Banned Literature: my book recommendations
Celebrating the Freedom to Read: Banned Books Week (BBW) is an annual event celebrating the freedom to read and the importance of the First Amendment. Held during the last week of September, Banned Books Week highlights the benefits of free and open access to information while drawing attention to the harms of censorship by spotlighting actual or attempted bannings of books across the United States.
After perusing the 100 most commonly banned or challenged books of the 20th century, I realized that a lot of them are novels I rank as my favorites. And, oftentimes, the reasons for the banning/challenges are frivolous (e.g. use of the word “whore”) or entirely inaccurate (e.g. failure to see the books is a satire, and therefore not to be taken literally).
Well, in honor of BBW, I think we should all go out and buy — yeah, spend some money! — a banned or challenged book. Here are a few that I highly recommend:
5 out of 5 stars.
The Great Gatsby, by F. Scott Fitzgerald
The Catcher in the Rye, by J.D. Salinger
To Kill a Mockingbird, by Harper Lee
The Lord of the Flies, by William Golding
1984, by George Orwell
Lolita, by Vladmir Nabokov
Catch-22, by Joseph Heller (All Time Favorite Book #1)
This book has the best opening line — not to mention one of the most wacky, endearing, and confusing cast of characters imaginable.
“It was love at first sight. The first time Yossarian saw the chaplain he fell madly in love.”
Brave New World, by Aldous Huxley
The Sun Also Rises, by Ernest Hemingway
As I Lay Dying, by William Faulkner
A Farewell to Arms, by Ernest Hemingway
Slaughterhouse Five, by Kurt Vonnegut
The Lord of the Rings, by J.R.R. Tolkien
The Jungle, by Upton Sinclair
Cat’s Cradle, by Kurt Vonnegut (All Time Favorite #2)
Filled with Vonnegut’s typically bizarre characters and twisted plots, this book overflows with Vonnegut’s insight and uncomfortable truths.
“Busy, busy, busy.”
A Separate Peace, by John Knowles
The Awakening, by Kate Chopin
Madame Bovary by Gustave Flaubert
Candide by Voltaire
A Clockwork Orange by Anthony Burgess
Harry Potter series by J.K. Rowling
What are your favorite banned/challenged books? Did you attend a school where you weren’t allowed to read certain titles? Do you have any suggestions for me to read?
October 1, 2010 @ 12:04 pm
Yeah, Harry Potter and 1984 are some of my all-time favorite books. We read 1984 in high school and my friends and I launched a campaign against censorship (just to amuse ourselves really) using an idea from the novel. We tied green strips of fabric around our arms (instead of the red on the thigh). We had the whole school doing it. Good times. 🙂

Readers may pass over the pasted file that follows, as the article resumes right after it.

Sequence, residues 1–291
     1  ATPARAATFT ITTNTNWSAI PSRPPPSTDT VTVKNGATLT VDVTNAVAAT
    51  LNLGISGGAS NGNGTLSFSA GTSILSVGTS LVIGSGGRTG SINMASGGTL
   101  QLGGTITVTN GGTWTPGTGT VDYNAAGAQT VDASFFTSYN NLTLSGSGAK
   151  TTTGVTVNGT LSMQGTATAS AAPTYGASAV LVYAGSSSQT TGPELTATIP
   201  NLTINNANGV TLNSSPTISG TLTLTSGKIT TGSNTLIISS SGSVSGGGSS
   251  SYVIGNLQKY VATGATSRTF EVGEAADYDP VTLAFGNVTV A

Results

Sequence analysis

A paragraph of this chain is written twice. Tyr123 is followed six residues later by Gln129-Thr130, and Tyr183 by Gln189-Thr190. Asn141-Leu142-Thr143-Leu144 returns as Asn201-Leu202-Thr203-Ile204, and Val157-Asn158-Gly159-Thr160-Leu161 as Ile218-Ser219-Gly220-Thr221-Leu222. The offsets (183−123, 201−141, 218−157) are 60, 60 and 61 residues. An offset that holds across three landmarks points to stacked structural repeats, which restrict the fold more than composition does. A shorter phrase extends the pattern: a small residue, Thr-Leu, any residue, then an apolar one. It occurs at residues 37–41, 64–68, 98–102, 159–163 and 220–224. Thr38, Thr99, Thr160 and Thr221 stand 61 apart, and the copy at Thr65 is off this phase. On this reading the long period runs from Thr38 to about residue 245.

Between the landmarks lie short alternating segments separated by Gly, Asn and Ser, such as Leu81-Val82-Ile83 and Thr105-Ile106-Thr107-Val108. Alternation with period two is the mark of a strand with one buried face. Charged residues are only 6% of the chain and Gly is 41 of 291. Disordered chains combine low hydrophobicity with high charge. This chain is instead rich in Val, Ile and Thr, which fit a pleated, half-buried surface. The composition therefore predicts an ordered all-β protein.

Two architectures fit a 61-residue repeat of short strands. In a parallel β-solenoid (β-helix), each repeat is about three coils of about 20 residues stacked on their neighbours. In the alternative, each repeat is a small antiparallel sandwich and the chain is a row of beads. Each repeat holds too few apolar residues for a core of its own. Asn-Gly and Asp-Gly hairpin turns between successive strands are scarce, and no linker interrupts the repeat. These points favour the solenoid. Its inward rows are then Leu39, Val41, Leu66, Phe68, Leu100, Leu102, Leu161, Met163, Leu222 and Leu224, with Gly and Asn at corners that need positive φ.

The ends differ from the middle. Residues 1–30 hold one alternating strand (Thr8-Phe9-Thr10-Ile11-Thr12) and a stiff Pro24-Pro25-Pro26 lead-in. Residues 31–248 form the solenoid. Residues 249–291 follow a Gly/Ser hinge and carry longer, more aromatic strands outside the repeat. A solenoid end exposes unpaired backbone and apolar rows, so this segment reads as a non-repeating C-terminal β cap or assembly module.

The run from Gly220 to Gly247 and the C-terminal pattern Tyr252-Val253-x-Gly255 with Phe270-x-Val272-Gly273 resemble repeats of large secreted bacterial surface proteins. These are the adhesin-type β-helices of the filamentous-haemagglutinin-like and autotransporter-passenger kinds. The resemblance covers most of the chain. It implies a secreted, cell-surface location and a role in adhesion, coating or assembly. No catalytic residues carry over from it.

October 1, 2010 @ 1:11 pm
That’s pretty awesome, Holly. I’m not gonna lie. The only cool thing my friends and I did (and it’s actually not cool but really lame) was to make a poster… See, there was a school-wide competition to make posters for each classroom’s door, and the poster had to support our football team for the upcoming state games. (Our teams colors were red & white).
What did we dorky I.B. kids put on our door? We drew a giant picture of Lenin and wrote:
“The Red Terror.”
Yeah…no one got it but us and our teacher. ÜBER LAME.
October 1, 2010 @ 12:10 pm
Susan, one reason they are banned is most of them are subversive. So is the following (my favorite Twilight Zone episode):
(season 2, episode 52. “Penny for Your Thoughts”)
Question for your inner marine biologist: When does a tadpole become a frog?
October 1, 2010 @ 1:14 pm
I agree that some could be considered subversive, but… Oftentimes, they only show the futility of trying to subvert the ruling power (e.g. Brave New World or 1984).
When it all boils down to it, though, banning is often a result of fear. (Case in point: Ellen Hopkin’s Crank and her recent rejection from a Houston book fair.)
And thanks for sharing the Twilight Zone link! 🙂
October 1, 2010 @ 1:30 pm
The only time I remember ever having a book taken away from me is when I was eight. I asked my mother what a particular word meant — suffice to say it would probably get caught in your spam filter, and requires two or more consenting adults! — and she took away the True Crimes book I’d found somewhere until I was a wee bit older.
I love so many of the books on your list. I’m reading Brave New World right now.
October 1, 2010 @ 2:52 pm
I checked the list– surprising as so many of them are considered “classics”. I keep thinking we (as a society) will evolve out of this kind of thing… but it keeps not happening.
October 3, 2010 @ 6:14 am
Blue Pill or Red Pill? That’s a subversive suggestion in many of these stories. Most people distract themselves from their ultimate fears. Choose wisely, Grasshopper.
October 12, 2010 @ 7:36 pm
We’ve got to stop them from banning books. Once they start banning one form of literature, they will never stop. Next thing you know, they will be burning all the books of the world!